Should a person who’s taken appropriate preventive measures and still has an episode of hypoglycemia unawareness be considered truly responsible for their actions when they have an episode of low blood sugar? We think not, and recommend the legal community contemplate this and how they deal with such circumstances.

Dr. Gary Lewis is a professor in the Departments of Medicine and Physiology and the Director of the Banting and Best Diabetes Centre at the University of Toronto’s Faculty of Medicine. He is also the Drucker Family Chair in Diabetes Research and Sun Life Financial Chair in Diabetes. Dr. Ian Blumer is a lecturer in the Department of Medicine’s Division of General Internal Medicine and a member of the Banting and Best Diabetes Centre. He is also a member of the board of directors and medical adviser to the Charles H. Best Diabetes Centre. Doctors’ Notes is a weekly column by members of the U of T Faculty of Medicine.


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Post-vaccine surge? Michigan’s spring coronavirus case spike close to previous year’s autumn high




(Natural News) The spike in new Wuhan coronavirus infections recorded in Michigan over the spring is similar to a spike seen during the 2020 fall season. According to a Wall Street Journal analysis, the state’s daily coronavirus case count averaged more than 7,000 for almost two weeks – before taking a slight dip to 6,891 on April 20. This echoed similar figures back in November and December 2020, which saw sharp rises in infections for those two months before plunging.

Back in autumn of last year, Michigan averaged more than 7,000 cases per day for a span of 10 days. New infections dropped slightly, then briefly spiked as the December holidays approached. It then fell to the low 1,000s for the succeeding two months – until ascending again in March.

According to University of Michigan internal medicine professor Dr. Vikas Parekh, the sudden increase in new infections could be attributed to several factors. Among the factors he cited was re-openings, which increased people’s interactions and mobility. Parekh said the loosened restrictions contributed to the spread of the highly contagious U.K. B117 variant.

“As the B117 variant spreads nationally, we will likely see other stats [with] their own surges – although I hope none are as bad as Michigan,” the professor remarked. He continued: “The milestone just tells us we are not yet in the clear, especially as we still have large portions of our population who are not vaccinated yet.”

Parekh also expressed optimism over the lower daily caseloads the Great Lakes State reported. He said he believes both cases and hospitalizations have plateaued and will likely decline soon. The professor commented: “[COVID-19] positivity has been declining now for one week, which is usually a leading indicator of case decline.”

Meanwhile, the state cited younger populations and youth sports, such as basketball, wrestling and hockey, to increase new COVID-19 infections. Because of this, Gov. Gretchen Whitmer called to suspend youth sports and indoor dining in the state. She also exhorted high schools to conduct remote class sessions for two weeks to curb the spread of the pathogen.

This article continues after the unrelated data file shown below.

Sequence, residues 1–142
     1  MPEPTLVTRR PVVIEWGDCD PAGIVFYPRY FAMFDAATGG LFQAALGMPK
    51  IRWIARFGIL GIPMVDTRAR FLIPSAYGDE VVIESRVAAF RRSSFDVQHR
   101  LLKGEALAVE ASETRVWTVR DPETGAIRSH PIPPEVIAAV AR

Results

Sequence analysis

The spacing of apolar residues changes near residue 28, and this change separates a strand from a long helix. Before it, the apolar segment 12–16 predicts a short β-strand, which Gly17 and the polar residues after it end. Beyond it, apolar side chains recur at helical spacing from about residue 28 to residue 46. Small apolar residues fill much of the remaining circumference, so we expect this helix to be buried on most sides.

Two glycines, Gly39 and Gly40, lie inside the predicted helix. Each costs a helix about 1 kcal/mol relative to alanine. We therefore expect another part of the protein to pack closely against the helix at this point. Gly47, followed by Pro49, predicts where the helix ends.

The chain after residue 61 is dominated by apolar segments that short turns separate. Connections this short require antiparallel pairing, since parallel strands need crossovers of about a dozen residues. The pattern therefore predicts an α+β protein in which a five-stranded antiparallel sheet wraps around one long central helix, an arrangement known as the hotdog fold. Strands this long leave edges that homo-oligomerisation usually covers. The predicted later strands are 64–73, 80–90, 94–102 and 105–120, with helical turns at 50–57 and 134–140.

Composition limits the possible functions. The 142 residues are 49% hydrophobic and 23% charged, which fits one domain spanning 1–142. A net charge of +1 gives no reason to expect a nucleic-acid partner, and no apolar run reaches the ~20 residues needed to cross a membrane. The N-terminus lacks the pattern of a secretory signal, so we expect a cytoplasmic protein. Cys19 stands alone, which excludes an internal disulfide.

Michigan still experienced the spike in cases despite having one of the highest vaccination rates in the country

During the opening stages of the U.S.’s immunization drive against COVID-19, Michigan boasted of having one of the highest vaccination rates nationwide. A report by Bridge Michigan even noted the initial “frenzy for vaccines” that “far exceeded the state’s limited supply.” But things have appeared to turn around for Michigan, as it now struggles to reach the 70 percent vaccination rate needed for herd immunity.

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Scottish mom’s legs turn into a pair of “giant blisters” after first dose of AstraZeneca’s coronavirus vaccine




(Natural News) Sarah Beuckmann of Glasgow, Scotland, felt a tingling sensation in her legs and noticed a rash flaring up around her ankles a week after getting her first dose of AstraZeneca’s coronavirus (COVID-19) vaccine on March 18.

She also had flu-like symptoms right after the vaccination.

Beuckmann called her doctor to arrange an appointment the morning she noticed the rash, but by the afternoon her skin was already breaking out into blood-filled blisters. Blisters also appeared on her legs, hands, face, arms and bottom.

“I ended up asking my husband to take me to A&E,” said Beuckmann, referring to “accident and emergency,” the equivalent of an emergency room (ER). “When I got there, my heart rate was sitting at 160bpm, which they were very concerned about. I got put on an ECG machine.”

Doctors determine AstraZeneca’s COVID-19 vaccine triggers the rash

Medics carried out tests for HIV, herpes and other skin conditions to work out what triggered the rash, but all results came back negative. Doctors finally determined that the vaccine caused her rare reaction after carrying out two biopsies.